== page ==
'Watch the stars, and from them learn' - advice from Albert Einstein, a chap who knew a thing or two. But where do you even start? Look up on a clear, dark evening and you'll be confronted by thousands of stars, scattered apparently at random. Okay, you can always learn the patterns of the constellations and even the names of individual stars, but what does that tell you about the Universe itself? If only there was some way of focusing on the important ones...
The cosmos is a big place, with even the closest stars so far away that the idea of visiting them is a distant dream. But by studying the weak rays of starlight that make it to Earth, astronomers can build up a surprisingly complete picture of the way the universe works. And fortunately, a small handful of stars just love to hog the limelight. Either by virtue of their proximity, their brightness, or their odd behaviour, they have drawn astronomers' attention again and again, providing key evidence for our understanding of the heavens.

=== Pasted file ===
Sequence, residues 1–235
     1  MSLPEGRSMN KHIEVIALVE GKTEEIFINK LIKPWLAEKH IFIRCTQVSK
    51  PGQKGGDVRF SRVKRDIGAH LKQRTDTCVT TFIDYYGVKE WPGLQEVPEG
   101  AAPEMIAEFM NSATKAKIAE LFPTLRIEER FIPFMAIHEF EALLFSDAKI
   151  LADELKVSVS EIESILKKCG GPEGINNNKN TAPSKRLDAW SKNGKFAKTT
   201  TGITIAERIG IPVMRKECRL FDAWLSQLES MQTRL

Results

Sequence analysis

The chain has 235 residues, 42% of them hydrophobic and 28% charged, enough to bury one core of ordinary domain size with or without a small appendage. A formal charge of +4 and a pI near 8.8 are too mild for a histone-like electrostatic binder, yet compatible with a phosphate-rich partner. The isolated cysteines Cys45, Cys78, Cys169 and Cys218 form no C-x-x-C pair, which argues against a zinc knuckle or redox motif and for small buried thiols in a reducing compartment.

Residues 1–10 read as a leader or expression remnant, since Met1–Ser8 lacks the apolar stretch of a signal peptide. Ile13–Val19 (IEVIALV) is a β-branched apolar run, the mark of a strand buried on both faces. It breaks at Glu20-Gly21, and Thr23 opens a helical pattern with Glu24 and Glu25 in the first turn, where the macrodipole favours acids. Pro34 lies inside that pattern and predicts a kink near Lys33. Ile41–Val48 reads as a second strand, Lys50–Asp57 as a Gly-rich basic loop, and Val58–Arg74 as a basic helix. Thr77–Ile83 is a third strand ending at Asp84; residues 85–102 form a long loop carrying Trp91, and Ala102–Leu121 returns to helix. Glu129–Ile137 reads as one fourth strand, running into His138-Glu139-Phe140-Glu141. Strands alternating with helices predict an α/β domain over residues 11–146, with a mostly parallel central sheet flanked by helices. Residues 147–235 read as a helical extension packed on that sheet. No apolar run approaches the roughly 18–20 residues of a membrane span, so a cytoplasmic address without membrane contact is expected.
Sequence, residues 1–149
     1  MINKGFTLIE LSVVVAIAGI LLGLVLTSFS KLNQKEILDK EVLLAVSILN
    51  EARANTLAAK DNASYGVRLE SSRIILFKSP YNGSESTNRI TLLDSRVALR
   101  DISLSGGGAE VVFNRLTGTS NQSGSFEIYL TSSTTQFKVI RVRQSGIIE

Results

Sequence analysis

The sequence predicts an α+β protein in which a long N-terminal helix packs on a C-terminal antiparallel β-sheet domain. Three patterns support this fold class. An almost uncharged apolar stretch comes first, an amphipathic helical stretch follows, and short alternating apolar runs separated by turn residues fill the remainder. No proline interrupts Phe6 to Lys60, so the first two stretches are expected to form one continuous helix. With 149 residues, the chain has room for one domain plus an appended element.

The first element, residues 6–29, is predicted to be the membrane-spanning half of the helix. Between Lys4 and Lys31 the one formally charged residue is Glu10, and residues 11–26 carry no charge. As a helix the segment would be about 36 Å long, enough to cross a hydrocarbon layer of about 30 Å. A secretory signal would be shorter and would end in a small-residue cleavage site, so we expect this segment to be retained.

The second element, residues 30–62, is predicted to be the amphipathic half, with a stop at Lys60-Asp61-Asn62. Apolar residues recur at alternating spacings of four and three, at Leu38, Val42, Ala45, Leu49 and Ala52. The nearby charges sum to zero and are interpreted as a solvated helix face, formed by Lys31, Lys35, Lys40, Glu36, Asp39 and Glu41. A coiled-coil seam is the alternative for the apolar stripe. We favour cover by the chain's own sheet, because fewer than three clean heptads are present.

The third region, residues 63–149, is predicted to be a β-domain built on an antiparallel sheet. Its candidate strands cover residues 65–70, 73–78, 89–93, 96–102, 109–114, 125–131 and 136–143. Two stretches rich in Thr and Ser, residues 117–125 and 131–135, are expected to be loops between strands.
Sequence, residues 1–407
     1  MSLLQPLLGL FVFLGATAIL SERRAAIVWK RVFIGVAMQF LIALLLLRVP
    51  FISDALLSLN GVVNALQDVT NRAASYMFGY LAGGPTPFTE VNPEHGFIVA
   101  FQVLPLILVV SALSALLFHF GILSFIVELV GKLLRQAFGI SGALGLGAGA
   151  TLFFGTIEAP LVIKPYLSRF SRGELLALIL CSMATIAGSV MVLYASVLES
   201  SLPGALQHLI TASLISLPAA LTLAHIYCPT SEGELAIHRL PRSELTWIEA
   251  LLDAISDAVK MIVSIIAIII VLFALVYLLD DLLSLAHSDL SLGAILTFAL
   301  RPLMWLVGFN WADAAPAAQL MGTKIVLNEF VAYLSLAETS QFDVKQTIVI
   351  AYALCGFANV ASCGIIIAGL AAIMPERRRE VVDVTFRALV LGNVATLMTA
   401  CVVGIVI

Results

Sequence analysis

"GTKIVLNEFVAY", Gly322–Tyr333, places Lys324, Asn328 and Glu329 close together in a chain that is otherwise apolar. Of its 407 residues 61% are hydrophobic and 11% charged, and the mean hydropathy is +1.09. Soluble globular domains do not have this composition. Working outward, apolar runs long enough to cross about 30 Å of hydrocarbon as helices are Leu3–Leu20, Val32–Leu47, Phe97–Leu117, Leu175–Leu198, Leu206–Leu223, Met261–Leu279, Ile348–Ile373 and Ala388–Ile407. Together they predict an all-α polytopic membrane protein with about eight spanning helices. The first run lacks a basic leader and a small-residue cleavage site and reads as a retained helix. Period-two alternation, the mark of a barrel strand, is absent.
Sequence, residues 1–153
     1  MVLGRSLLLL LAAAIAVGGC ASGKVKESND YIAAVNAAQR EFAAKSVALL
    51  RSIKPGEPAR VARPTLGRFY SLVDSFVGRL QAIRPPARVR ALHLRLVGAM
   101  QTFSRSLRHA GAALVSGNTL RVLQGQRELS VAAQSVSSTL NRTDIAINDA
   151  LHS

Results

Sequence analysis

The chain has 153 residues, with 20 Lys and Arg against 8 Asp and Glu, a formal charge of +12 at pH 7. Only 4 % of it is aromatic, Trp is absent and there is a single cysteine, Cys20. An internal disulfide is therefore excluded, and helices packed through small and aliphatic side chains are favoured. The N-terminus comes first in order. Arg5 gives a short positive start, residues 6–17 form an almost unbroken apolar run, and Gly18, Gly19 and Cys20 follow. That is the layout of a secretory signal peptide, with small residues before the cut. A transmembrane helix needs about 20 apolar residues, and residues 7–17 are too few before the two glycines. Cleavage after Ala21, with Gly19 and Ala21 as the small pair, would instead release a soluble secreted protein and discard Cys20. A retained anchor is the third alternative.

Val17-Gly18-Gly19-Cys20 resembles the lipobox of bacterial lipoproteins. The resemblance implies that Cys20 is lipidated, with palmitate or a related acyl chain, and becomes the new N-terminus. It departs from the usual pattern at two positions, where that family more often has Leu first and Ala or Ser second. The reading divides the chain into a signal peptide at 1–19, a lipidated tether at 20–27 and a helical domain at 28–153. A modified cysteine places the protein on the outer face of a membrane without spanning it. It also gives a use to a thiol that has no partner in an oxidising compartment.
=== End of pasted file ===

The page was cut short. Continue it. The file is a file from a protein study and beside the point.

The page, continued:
The History of the Universe in 21 Stars provides a key to the cosmos for the curious, the busy and the bewildered. It offers a complete introduction to the heavens through the tales of these celestial superstars and tells the intriguing, inspiring and sometimes just plain odd story of how stargazers unravelled the mysteries of the universe.
Country of Publication:
01 October 2020
Polaris * Mizar * 61 Cygni * Aldebaran * Alcyone/The Pleiades * The Trapezium * T Tauri * The Sun * Proxima Centauri * Tau Ceti * Algol * Mira * Sirius A and B * RS Ophiuchi * Betelngeuse * Eta Carinae * The Crab Pulsar * Cygnus X-1 * Omega Centauri * Delta Cephei * Andromeda Nebula * S2 * 3C 48 * Supernova 1944D.
Giles Sparrow studied Astronomy at University College London. He is the author of over 20 books on popular science for both adults and children. He lives in East London.
Reviews for A History of the Universe in 21 Stars: (and 3 Imposters)
'A delight and a triumph ... A thing of beauty ... Truly, truly magical' -- Mark Dolan * talkRADIO *